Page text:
If corporate social responsibility (CSR) is such a norm in the modern-day big business why do we still have so many major organisations trying to cover-up their real environmental impacts, whilst their employees disengage from a common goal of making our planet a safer and healthier home for us and the generations to come? Perhaps, national and international legislation on environmental standards isn’t the issue. Instead the problem is that too many companies publicise their CSR reports only to boost their reputation, the phenomenon so common that it required a completely a new term – “greenwash”. If you are a CSR professional, encourage your organisation to review these simple steps, developed by Cambridge Judge Business School, to ensure that greenwash acquisitions never come knocking on your door.
According to Cambridge research, when environmental problems occur, the best thing a CSR communications manager can do is to advise the board about facing up to the issues immediately and honestly, by sharing the problems with the media and the public.
People realise that companies aren’t perfect, and they understand that. The findings of the research are something to write down and stick to your desktop – any company is always benefiting from sharing their problems with the shareholders, customers and the public honestly and directly. This contradicts a general corporate belief, that a good CSR report can protect you from a situation where uncovered issues finally become public, resulting in a real negative long-term publicity.
Sharing your environmental CSR projects and achievements will advance your sales, investments and reputation, by attracting loyal customers and the best professionals. The word of warning: whatever you do, never ever exaggerate the impact of your environmental CSR initiatives. After all, everybody knows that a report is a kind of communication, not a true action. By making a PDF document or a pile of paper the only reason of your company’s CSR programmes, you not only undermine its value, but also invite investigators to your offices.
Remember that a communications strategy does not equal real action. If during your planning session you only worry about the things to mention in your annual report, you are forgetting about the most important part – a real call to action for your employees. Without action there is no strategy, only communications.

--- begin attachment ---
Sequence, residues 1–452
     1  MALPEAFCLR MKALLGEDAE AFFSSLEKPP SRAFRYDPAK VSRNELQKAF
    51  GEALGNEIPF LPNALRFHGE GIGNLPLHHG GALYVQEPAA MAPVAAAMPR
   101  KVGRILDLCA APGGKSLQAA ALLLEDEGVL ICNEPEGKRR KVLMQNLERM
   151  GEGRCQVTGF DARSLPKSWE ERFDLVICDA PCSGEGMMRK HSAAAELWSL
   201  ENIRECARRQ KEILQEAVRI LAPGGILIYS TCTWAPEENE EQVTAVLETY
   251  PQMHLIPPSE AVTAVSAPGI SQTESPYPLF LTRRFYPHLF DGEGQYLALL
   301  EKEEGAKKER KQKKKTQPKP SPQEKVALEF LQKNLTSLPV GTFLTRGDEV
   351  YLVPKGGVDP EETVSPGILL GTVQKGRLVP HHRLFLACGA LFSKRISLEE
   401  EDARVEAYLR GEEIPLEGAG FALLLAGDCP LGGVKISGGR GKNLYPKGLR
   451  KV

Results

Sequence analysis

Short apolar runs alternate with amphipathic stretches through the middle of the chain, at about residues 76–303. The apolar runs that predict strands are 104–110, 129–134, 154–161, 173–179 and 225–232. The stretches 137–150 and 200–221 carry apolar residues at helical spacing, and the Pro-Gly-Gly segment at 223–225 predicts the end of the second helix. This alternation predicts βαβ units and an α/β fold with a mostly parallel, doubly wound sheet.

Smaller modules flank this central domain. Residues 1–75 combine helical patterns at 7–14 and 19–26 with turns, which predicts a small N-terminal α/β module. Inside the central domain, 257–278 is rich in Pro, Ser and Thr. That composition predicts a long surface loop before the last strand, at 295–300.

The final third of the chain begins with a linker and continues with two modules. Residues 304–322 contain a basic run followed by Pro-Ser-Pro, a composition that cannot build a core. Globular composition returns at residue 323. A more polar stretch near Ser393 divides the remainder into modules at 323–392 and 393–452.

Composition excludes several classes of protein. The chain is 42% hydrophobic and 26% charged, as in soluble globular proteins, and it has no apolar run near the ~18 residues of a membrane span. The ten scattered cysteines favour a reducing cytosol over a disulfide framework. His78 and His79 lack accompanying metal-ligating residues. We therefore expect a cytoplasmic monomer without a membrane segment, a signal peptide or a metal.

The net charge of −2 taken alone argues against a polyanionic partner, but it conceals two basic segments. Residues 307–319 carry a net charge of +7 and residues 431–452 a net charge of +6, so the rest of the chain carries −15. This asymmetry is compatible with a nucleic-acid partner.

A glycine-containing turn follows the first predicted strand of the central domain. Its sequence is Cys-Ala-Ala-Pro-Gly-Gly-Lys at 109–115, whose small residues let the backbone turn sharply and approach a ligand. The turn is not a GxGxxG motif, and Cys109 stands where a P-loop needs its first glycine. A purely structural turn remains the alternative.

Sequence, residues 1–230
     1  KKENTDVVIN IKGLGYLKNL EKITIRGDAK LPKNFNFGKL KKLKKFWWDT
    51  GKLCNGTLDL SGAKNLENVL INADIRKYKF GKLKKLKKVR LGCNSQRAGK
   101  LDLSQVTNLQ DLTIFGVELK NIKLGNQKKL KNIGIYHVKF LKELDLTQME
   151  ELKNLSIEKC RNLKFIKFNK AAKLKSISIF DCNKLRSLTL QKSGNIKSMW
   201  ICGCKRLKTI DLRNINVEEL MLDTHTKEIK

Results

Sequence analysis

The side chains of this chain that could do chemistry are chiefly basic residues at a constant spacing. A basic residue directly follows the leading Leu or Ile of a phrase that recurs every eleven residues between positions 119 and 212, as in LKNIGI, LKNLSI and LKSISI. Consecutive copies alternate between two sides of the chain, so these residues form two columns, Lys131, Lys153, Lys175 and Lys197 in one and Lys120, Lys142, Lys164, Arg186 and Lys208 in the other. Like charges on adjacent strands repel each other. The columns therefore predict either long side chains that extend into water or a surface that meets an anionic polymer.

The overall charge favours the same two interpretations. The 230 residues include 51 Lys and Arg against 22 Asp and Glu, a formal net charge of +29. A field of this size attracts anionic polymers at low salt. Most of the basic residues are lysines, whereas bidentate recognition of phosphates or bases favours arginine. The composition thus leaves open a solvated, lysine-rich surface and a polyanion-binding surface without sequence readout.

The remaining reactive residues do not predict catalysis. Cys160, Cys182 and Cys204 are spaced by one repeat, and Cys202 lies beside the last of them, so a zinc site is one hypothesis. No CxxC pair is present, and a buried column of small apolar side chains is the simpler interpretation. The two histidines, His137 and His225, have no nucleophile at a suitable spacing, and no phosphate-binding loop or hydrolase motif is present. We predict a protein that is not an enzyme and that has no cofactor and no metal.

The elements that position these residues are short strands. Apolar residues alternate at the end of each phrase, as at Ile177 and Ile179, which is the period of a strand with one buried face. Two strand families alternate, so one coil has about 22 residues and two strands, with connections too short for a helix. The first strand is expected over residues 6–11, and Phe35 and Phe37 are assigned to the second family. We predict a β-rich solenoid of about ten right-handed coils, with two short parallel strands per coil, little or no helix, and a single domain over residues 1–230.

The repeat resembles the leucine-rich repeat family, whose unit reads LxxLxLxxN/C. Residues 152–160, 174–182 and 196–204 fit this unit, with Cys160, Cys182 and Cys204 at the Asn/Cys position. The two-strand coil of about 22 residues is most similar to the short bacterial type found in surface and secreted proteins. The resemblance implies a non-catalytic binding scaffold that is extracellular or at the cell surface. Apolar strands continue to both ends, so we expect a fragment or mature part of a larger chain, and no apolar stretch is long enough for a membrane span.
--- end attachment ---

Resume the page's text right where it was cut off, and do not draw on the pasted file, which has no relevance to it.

By improving the actions in the company, you are actually making it easier to compile a decent legitimate report. There are almost no large companies left without a some kind of a CSR strategy, but only the ones that actually want to go greener make to the top, by commitment to improve environmental performance and not to ‘just shuffle numbers around and write something’.
So after all, a CSR comms manager holds the cards to say to the managers of various departments that a positive message can only come from real results, if you see that their devisions aren’t really on board, please do everybody a favour and tell them that their inadequate actions will be in the report, not a fabricated positive communication.
What kind of list of descriptions comes to mind when you think of a major media outlet dfinding out about your insufficient CSR reports? Probaly the words are not the ones we could publish on SBT. The thing is, majority of your conflicts with the media and PR downturns come from your fear and unwillingness to effectively engage with the media when things go wrong. It is a common false knowledge that the media is only interested in sharing bad news.
In 2012, researchers studied environmental CSR communication practices at 251 large corporations in Europe through exhaustive interviews with their communications managers. They found that that many theories about CSR communications risks are overstated, and that companies that “communicate honestly about their activities have little to fear”.
Starting today try to engage with the media proactively in order to learn which media channels work best for your company’s particular messages, from mainstream papers and magazines to social media pages.
Since the beginning of a so-called ‘knowledge economy’ in the late twentyeth centery most people have become ever more cynical about the environmental claims made by corporations. If you believe that not many people among the general population are interested, involved or even informed about the value of environmental CSR activities you couldn’t be more wrong. The knowledge about this kind of initiatives has been growing since the 1970s. Now more and more people will look into company’s evnironmental backround and research its credentials before they subsribe to their services or send their CV through. And investors, of course, will ask for an independent evaluation before putting their money into your pipelinse.
If you think that by stating that you work for the greenest company in the world you are making a drastic mistake – because people will look into this, and then you will be facing a storm somewhere on Readit, similar to the one on Avery case. Just think about the impact on BP of their major disasters like the Prudhoe Bay oil spill in Alaska (2006) and the Deepwater Horizon catastrophe (2010). Apart from the actual environmental issues BP’s image got hit due to the fact that the company was PR-ing its environmental friendliness in every possible media channel.
Jess has spent years travelling the world full-time. Nothing else comes close to the reaches of this emotive activity...